Arguing that there is nothing the U.S. can do to get the other major powers to stop Iran, Edith Everett (Opinion, April 17) asks: “If President Obama could not demand of Israel, our closest and most dependent ally, a cessation of settlement building, a relatively simple request, can he make demands on China and Russia, our generally unreliable negotiating partners?”
But President Obama did demand that of Israel — and Israel acquiesced. Ms. Everett seems to have forgotten that, in response to President Obama’s request, Prime Minister Netanyahu froze all Jewish housing construction in the territories for 10 months, from November 2009 through September 2010. In fact, according to Gary Rosenblatt (“Between the Lines,” April 10): “Although he gets little or no credit for it from the White House, he continues his quiet policy of suspending settlement growth outside of Jerusalem …”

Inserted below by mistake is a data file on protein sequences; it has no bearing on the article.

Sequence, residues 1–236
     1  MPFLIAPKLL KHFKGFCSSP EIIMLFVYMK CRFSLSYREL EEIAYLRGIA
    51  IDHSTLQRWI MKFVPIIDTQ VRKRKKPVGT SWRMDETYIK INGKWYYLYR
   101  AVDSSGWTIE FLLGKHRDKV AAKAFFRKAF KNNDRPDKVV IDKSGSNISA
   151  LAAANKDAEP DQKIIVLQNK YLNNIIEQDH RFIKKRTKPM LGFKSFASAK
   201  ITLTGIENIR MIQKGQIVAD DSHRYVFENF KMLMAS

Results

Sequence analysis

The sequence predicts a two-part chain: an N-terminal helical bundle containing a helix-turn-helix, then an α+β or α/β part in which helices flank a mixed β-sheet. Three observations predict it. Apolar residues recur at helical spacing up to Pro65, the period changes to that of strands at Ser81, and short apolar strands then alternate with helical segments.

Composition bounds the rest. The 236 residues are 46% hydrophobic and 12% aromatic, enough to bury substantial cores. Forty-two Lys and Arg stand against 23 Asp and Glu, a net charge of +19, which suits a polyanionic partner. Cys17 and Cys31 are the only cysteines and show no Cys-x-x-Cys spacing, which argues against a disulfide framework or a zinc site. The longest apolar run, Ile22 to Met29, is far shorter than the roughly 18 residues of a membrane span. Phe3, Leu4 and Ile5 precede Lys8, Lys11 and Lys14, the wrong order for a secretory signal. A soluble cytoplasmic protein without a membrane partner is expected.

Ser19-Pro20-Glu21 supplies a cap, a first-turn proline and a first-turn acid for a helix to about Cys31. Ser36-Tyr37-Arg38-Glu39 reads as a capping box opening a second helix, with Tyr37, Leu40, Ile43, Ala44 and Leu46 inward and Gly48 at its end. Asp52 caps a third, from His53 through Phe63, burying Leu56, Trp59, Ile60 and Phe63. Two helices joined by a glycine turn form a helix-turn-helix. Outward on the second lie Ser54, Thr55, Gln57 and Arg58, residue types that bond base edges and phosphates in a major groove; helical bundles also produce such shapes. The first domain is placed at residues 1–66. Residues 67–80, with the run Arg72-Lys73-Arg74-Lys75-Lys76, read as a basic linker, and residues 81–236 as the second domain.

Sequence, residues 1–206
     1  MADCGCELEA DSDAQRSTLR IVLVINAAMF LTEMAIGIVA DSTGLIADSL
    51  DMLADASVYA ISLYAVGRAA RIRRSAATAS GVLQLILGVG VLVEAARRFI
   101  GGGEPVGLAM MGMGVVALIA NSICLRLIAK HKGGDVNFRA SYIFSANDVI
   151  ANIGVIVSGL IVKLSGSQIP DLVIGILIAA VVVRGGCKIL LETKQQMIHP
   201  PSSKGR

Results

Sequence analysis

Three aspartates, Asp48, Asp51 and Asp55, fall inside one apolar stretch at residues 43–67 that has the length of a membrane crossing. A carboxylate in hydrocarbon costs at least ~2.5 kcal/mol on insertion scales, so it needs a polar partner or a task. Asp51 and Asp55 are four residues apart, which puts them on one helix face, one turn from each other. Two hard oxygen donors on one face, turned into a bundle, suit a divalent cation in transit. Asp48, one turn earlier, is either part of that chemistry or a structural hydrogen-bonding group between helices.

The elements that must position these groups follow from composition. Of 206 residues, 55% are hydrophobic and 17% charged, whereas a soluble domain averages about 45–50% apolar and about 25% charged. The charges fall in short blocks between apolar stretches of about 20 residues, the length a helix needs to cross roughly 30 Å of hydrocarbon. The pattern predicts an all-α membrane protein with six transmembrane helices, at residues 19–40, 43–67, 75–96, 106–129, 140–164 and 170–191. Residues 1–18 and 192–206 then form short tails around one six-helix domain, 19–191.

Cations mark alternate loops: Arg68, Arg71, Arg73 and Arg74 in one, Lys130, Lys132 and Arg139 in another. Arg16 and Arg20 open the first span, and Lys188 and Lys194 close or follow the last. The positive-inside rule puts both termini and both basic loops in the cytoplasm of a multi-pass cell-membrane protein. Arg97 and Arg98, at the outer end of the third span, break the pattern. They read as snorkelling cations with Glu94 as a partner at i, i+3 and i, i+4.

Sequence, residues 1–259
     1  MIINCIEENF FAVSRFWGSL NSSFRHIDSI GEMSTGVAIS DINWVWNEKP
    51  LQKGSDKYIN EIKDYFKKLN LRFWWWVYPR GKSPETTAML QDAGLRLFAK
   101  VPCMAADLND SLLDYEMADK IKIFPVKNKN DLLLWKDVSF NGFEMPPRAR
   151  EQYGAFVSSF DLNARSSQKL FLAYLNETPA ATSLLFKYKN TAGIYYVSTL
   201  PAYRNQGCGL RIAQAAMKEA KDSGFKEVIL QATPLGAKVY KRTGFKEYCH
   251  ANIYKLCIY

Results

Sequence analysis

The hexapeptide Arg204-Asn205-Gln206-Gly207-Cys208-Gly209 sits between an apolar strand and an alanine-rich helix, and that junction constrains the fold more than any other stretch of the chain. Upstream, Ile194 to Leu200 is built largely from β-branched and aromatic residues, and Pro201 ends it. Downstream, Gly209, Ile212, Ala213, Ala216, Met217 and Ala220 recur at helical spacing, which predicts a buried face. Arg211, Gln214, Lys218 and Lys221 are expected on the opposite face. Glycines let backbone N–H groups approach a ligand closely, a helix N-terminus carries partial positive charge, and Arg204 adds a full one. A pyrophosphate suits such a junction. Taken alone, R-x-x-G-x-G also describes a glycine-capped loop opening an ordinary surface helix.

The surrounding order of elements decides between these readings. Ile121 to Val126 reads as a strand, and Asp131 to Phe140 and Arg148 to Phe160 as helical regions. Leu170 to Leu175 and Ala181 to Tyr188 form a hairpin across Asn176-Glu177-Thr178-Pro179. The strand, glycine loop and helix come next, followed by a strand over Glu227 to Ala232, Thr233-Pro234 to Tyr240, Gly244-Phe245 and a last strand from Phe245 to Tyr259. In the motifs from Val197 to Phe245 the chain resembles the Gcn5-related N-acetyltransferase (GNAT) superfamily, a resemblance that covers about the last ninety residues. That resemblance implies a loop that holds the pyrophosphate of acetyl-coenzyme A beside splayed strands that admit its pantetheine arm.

Neither the housing freeze nor Prime Minister Netanyahu’s other concessions — such as releasing terrorists and offering to create a demilitarized Palestinian state — succeeded in getting the Palestinian Authority back to the negotiating table. And the concessions are not even acknowledged by the Obama administration or leaders of the Jewish left (such as Edith Everett). No wonder so many Israelis have concluded that the old approach of one-sided Israeli concessions was a failure, and a new approach is needed.
Religious Zionists of Philadelphia